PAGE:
Welcome to the Christmas Traditions Bake Off Party!!!
We're celebrating online on Facebook and also over here on the Overcoming With God blog! Post your recipes online (click here) and leave a comment here on the blog to enter for giveaways!
Do you remember as a young adult or earlier even, learning that your mother's recipes were not the "only" correct way to prepare a certain food item? My husband, then my 22-year-old boyfriend, invited a bunch of people to his apartment to watch a football game and enjoy some chili that he made, using his mother's, and grandmother's, recipe. I got my bowl full. Except that it had something weird in it--Spaghettioes! I pointed that out to Jeffrey and asked why he'd added them to the chili. His response, "because that is how you make it"!!! The rest of his guests also got their chili. Soon Jeff got his eyes opened to the fact that traditional chili does not have Spaghettioes floating around in it! But the thing was--to him, that was the "right" way. I'm guessing his grandmother added those to get her grandchildren more interested in eating the chili and I think that was pretty clever!
Growing up, fruitcakes were a holiday tradition. My mom made this expensive treat as a gift. And it IS expensive to make. People don't think about that. Instead they bemoan the horrible abused fruitcakes they've had over the years--fruitcakes that weren't prepared properly or were not baked according to the tastes of the recipients. There is no "one" true fruitcake--a point I tried to make in my novella. There may be one that was "classic" for its time and made according to the tastes of that generation but it doesn't make it the end all and be all for fruitcake baking. For instance, some of the spices used in previous centuries are far too heavy for today's tastes.
Every country seems to have its own version of a fruited cake. My German-American father-in-law favors the Christmas stollen made in the Chicago bakeries. The Victorians especially seemed to enjoy adding fruit either to a cake or as a side accompaniment to cakes.
Mrs. Jeffries, Tom's mother, in The Fruitcake Challenge, loves pound cake, as does her family. She's used her generations old colonial pound cake recipe to which, every year, she adds whatever dried fruits she has available and whatever nuts she can find--preferably walnuts. So Jo, in her efforts to recreate Tom's favorite recipe hasn't considered that Mrs. Jeffries doesn't prepare a traditional spicy fruitcake. And of course Tom is little help.
One recipe for pound cake is "Million Dollar Pound Cake" recipe from Southern Living (click here.) However, I envisioned Cordelia Jeffries using an old colonial recipe for pound cake which was simply: 1 pound of flour, 1 pound of eggs, 1 pound of sugar, and 1 pound of butter. There was no leavening--air was whipped into the batter by beating the eggs. This makes a large amount of cake. Mrs. Jeffries added whatever fruits and nuts she had in her larder come Christmastime. So one year it may be currents, dried cherries, walnuts, and pecans. Another year it could have been other types of fruits and nuts. She believed in being economical and her son just knew he loved what his mother made! Here poor Jo, in my story, and her father, have worn themselves out with recipes while Mrs. Jeffries' was so very simple! It did, however, require a great deal of mixing. I'd like to think all the ladies in the lumber camp kitchen took turns helping Jo. Even with a hand held rotary beater this would have taken a long time.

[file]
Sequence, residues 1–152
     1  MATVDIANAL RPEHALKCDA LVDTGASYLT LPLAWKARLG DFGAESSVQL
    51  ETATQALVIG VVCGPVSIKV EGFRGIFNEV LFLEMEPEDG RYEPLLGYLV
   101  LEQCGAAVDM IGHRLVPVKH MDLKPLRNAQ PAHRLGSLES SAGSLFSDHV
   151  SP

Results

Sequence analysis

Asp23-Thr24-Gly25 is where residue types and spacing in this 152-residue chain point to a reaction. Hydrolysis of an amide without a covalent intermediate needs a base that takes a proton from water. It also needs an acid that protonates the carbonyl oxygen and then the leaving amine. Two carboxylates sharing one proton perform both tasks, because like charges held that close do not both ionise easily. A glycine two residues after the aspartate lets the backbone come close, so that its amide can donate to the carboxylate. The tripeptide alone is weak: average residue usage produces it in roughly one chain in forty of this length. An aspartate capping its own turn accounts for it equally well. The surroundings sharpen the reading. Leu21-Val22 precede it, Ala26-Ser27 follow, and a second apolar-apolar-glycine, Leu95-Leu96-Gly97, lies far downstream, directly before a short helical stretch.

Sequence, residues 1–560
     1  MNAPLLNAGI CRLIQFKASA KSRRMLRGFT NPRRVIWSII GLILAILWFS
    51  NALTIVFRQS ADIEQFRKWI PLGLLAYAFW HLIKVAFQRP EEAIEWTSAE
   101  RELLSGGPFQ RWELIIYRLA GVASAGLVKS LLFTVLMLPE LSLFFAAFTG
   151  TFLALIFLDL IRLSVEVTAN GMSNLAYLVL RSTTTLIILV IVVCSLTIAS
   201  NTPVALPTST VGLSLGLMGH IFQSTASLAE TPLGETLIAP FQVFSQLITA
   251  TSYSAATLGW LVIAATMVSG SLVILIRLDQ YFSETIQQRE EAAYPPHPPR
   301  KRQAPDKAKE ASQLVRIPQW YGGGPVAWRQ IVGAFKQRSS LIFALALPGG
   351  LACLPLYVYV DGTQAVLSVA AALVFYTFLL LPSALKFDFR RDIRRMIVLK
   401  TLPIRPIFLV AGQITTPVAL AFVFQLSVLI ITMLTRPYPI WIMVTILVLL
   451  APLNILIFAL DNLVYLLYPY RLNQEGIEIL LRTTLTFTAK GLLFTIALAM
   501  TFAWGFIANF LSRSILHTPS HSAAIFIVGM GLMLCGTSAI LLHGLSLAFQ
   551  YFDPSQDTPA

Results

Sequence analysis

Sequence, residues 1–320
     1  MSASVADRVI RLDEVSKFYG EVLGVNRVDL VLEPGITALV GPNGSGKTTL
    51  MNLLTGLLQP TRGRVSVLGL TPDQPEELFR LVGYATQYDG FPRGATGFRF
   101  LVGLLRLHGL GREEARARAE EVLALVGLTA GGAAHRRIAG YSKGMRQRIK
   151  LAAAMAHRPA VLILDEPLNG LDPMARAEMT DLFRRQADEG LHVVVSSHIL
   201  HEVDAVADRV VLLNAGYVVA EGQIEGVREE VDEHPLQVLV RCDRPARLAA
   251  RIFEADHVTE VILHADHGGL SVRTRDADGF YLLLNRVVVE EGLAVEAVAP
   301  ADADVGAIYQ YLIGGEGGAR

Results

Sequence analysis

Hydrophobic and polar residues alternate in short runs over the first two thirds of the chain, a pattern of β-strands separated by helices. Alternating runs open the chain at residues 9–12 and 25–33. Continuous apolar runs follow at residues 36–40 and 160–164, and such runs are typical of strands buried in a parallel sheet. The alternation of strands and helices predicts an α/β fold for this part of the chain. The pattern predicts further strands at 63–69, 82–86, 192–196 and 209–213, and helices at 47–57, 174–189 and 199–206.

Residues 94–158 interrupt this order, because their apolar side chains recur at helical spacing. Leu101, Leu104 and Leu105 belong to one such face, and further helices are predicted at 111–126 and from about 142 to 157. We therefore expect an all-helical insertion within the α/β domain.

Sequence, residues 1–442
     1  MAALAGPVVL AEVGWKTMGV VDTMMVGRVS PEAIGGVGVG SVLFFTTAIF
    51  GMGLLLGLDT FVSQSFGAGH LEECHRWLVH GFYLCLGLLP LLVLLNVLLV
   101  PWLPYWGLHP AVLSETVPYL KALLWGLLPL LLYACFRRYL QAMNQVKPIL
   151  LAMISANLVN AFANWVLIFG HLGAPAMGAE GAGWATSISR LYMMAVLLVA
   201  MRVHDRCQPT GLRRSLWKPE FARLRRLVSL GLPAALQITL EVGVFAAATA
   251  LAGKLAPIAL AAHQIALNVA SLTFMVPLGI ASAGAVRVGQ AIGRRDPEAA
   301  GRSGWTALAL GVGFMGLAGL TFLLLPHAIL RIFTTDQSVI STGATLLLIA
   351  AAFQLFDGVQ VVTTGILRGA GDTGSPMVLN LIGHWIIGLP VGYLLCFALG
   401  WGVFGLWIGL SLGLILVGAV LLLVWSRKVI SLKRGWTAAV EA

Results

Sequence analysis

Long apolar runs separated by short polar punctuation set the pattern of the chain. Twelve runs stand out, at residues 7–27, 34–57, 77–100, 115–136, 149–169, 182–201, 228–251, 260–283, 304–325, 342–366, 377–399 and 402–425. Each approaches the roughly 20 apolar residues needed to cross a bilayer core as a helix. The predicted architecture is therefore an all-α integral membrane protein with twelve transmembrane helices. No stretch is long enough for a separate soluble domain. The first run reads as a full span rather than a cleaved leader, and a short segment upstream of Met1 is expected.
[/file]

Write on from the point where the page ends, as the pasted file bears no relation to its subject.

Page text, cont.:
My friend, Linda Rash, shared this pound cake recipe with me and is our first winner of a paperback copy of The Fruitcake Challenge! Linda received the recipe from a co-worker and this was his mother's recipe. Both have passed on to be with the Lord, but here is:
Mrs. Hardy's Pound Cake Recipe
3 sticks butter or margarine
3 cups sugar
1 - 8 oz. cream cheese (Philly)
3 cups (plain) flour (not self-rising)
Bring all ingredients to room temperature.
Beat butter and cream cheese together, add sugar, beat until well mixed. Add eggs two at a time and beat well. Add flour, one cup at a time and mix well and scrape bowl good. Add any kind of flavoring you like.
Preheat oven to 300 degrees. Flour and grease the baking pan well--cook in Angel food or bundt pan. Baker's Joy baking spray can be used in lieu of the grease and flour. Bake 1 1/2 hours or until done. (Sounds divine!)
In Cynthia Hickey's lovely mid-1800's story, Handcarved Christmas, I could just "smell" coffee brewing on the wood stove and I think some nice strong coffee would go great with Mrs. Jeffries' fruitcake or with most of the delicious recipes on our Facebook party page!
Question: Do you have a special memory of a special food or drink for Christmastime? Do you continue to make that recipe?